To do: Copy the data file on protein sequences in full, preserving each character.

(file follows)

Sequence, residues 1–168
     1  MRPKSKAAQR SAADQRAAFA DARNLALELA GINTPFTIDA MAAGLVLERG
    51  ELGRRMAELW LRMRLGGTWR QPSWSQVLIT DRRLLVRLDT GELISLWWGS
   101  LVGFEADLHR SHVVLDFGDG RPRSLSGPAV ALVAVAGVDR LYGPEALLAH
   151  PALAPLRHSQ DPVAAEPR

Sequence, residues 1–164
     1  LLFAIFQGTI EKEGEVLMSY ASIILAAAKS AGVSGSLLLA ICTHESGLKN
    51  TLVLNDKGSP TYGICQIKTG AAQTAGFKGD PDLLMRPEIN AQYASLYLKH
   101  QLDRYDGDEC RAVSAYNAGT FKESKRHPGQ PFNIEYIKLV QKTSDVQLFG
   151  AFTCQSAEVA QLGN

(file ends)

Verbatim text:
Sequence, residues 1–168
     1  MRPKSKAAQR SAADQRAAFA DARNLALELA GINTPFTIDA MAAGLVLERG
    51  ELGRRMAELW LRMRLGGTWR QPSWSQVLIT DRRLLVRLDT GELISLWWGS
   101  LVGFEADLHR SHVVLDFGDG RPRSLSGPAV ALVAVAGVDR LYGPEALLAH
   151  PALAPLRHSQ DPVAAEPR

Sequence, residues 1–164
     1  LLFAIFQGTI EKEGEVLMSY ASIILAAAKS AGVSGSLLLA ICTHESGLKN
    51  TLVLNDKGSP TYGICQIKTG AAQTAGFKGD PDLLMRPEIN AQYASLYLKH
   101  QLDRYDGDEC RAVSAYNAGT FKESKRHPGQ PFNIEYIKLV QKTSDVQLFG
   151  AFTCQSAEVA QLGN